Watch Movado - It Could Become A Net-Net

| About: Movado Group, (MOV)
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Movado operates in a difficult and competitive industry.

It nevertheless has an incredible balance sheet.

Net net value hunters may soon take notice.

Movado has a good dividend.

Insiders have been buying.

I used to love wristwatches. My grandmother gave me one for my seventh birthday, and I strapped one on to my wrist for forty years after that. Then a few years ago I was griping about needing a new one, and I thought, do I really need a new watch? I have a clock on the microwave, a clock on the wall, a clock in the car, a clock on my computer, a clock on the office wall, and - wouldn't you know it? - a clock on my cell phone, too. What do I need a watch for?

So when Movado (NYSE:MOV) popped up on a screener some months ago, I tried to ignore it. Movado's business is making watches, and the market for them just didn't seem to be what it once was. (For more background on the business and its risks, see this article from The Value Investor.) The coming of the smart watch created a new market for watches, but it obviously also drew the likes of Apple (NASDAQ:AAPL) into the industry.

Even so, Movado's numbers kept me coming back for a closer look, time after time. My primary method of stock analysis is known as "net net", a method described well by fellow Seeking Alpha contributor David Chopin. Using this analysis, Movado easily took the #1 value position on my watch list. That may raise a few eyebrows among net net fans, and others might not be familiar with net nets, so let's take a closer look at how net net is useful.

There are two basic calculations for net nets. I will be using just the "net current asset value" (NCAV) calculation in this article, but I also use the "net net working value" (NNWV) calculation when analyzing stocks. The NCAV calculation varies a little, depending who you ask, but the flavor I use is:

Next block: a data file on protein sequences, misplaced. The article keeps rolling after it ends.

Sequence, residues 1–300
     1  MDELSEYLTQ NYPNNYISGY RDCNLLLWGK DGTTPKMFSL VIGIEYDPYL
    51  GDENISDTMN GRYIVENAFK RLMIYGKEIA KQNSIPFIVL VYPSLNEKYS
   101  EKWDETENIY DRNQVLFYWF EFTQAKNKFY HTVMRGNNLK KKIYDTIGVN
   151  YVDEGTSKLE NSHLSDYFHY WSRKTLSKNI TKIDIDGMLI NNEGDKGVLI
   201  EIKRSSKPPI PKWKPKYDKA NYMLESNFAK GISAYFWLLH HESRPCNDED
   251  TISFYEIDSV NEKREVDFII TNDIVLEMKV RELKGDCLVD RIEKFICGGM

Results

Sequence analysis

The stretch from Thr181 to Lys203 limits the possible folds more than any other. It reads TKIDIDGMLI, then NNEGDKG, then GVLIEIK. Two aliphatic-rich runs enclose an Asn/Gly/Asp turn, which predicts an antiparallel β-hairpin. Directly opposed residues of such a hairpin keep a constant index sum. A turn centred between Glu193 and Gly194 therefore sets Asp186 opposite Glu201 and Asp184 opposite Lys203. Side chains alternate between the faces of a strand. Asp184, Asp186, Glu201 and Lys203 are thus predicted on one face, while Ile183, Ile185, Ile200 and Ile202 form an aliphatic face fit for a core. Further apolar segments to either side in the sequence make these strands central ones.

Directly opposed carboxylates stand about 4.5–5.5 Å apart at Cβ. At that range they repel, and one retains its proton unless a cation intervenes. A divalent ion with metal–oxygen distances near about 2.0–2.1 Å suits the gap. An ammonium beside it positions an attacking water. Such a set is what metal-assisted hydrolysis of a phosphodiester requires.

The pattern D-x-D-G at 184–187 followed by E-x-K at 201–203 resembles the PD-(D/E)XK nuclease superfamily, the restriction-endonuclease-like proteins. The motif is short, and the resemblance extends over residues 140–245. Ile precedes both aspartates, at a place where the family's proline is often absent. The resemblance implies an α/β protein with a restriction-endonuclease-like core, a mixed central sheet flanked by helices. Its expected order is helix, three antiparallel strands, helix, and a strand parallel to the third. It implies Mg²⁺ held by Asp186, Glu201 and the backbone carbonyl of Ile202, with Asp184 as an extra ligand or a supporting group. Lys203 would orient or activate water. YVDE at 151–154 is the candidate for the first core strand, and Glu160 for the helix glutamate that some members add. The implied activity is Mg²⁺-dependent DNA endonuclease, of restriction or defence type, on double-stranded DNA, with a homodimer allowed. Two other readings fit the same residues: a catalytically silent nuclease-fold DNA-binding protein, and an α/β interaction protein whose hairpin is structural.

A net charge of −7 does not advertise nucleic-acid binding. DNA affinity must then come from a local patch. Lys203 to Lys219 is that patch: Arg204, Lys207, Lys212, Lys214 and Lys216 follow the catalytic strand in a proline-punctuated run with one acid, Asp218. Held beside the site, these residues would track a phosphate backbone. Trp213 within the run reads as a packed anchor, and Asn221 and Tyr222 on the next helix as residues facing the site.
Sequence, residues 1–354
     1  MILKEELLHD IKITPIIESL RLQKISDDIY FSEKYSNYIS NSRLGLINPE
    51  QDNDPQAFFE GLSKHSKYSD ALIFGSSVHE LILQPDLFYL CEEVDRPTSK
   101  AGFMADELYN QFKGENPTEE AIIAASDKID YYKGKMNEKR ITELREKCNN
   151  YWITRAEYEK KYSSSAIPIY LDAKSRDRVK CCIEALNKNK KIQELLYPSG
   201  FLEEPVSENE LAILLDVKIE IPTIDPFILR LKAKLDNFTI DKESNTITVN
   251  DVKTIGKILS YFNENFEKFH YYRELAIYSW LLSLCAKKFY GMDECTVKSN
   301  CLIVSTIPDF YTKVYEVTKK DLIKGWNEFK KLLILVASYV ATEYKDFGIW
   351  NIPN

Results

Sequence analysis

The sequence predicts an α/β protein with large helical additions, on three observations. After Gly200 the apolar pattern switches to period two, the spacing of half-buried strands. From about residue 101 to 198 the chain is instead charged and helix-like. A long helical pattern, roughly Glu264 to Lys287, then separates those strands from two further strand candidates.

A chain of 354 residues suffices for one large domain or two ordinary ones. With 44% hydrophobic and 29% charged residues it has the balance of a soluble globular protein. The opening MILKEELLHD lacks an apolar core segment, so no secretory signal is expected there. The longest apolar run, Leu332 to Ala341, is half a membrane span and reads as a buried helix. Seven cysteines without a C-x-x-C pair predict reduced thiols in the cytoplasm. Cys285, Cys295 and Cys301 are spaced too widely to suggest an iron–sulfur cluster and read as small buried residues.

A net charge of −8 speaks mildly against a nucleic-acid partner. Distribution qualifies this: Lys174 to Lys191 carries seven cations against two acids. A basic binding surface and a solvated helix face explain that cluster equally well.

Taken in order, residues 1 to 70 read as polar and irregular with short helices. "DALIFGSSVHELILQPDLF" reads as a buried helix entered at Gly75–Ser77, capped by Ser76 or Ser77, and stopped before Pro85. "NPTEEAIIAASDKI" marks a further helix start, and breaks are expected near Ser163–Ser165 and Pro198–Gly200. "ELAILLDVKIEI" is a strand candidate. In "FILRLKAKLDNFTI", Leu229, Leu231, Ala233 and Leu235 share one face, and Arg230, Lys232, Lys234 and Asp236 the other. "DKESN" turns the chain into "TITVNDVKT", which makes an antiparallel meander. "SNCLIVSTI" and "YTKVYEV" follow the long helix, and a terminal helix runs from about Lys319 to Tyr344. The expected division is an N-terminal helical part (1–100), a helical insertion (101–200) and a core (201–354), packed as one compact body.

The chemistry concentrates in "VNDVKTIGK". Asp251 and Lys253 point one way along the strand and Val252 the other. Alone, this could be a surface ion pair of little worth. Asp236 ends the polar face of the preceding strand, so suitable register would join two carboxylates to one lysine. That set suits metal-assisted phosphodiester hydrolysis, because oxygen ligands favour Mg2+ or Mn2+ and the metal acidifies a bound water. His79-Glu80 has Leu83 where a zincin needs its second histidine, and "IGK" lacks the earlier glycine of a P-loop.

• NCAV = current assets - total liabilities - preferred shares

I think of preferred shares as a liability more than anything else, but Movado does not have any preferred shares, so the debate is moot in this case.

According to Movado's most recent 10Q the numbers are (in thousands):

  • NCAV = $494,540 - $134,644 - $0 = $359,896

Divide the NCAV by the diluted shares outstanding to get NCAV per share:

  • $359,896 / 23,349 = $15.41

As I write this article, Movado's price is $19.78, which is obviously higher than the NCAV/share of $15.41. For it to be a true net net stock, the price would need to be lower than NCAV/share. Benjamin Graham, the inventor of the net net valuation, wanted the price to be at 2/3s of NCAV. Such stocks that are worthy of attention can be difficult to find.

Movado may not be a true net net, but it's close. It's $/NCAV is 1.28:

  • $19.78 NCAV / $15.41 price = 1.28

The lower the $/NCAV, the better, and a number of less than 1 means the stock is priced lower than the NCAV. For comparison, the last time I figured Nike's (NYSE:NKE) numbers a couple of months ago, its $/NCAV was 4.43, and Trip Advisor's (NASDAQ:TRIP) was 67.23. In my experience, the NCAV for companies like these do not fluctuate greatly quarter to quarter, so I expect those numbers to be similar today.

Movado's price was $30.98 last March, and it has dropped by about a third since then, after it reported first quarter earnings and reduced guidance. The last time the stock went below $20 was early 2012.

MOV Chart

MOV data by YCharts

I suspect that it won't drop to $15.41, the current NCAV/share, but what do I know about the future? It could happen. If it does, it probably will attract the notice of even more value hunters then.

Even if Movado's price does not drop any further, the price is intriguing enough that insiders have been buying the last couple of weeks:






Total Value


Grinberg, Efraim

director officer, 10% owner





Reznik, Maurice S






Howard, Alan H






Howard, Alan H






To make the stock even more interesting, Movado's dividend is currently above 2.5%. The TTM payout ratio as reported by Morningstar is 24.1%. The company has paid out a dividend since 1994, and has been growing its dividend since 2011.


I'm not buying just yet. Movado has significant competition in a difficult industry, and its move toward smart watches seems half-hearted. But its balance sheet is a fortress, it offers a healthy dividend, and insiders are buying. It could become a compelling value play very soon, especially if the price drops further.

Disclosure: I am/we are long NKE.

I wrote this article myself, and it expresses my own opinions. I am not receiving compensation for it (other than from Seeking Alpha). I have no business relationship with any company whose stock is mentioned in this article.

Additional disclosure: I/we have no positions in any of the other stocks mentioned, and no plans to initiate any positions within the next 72 hours.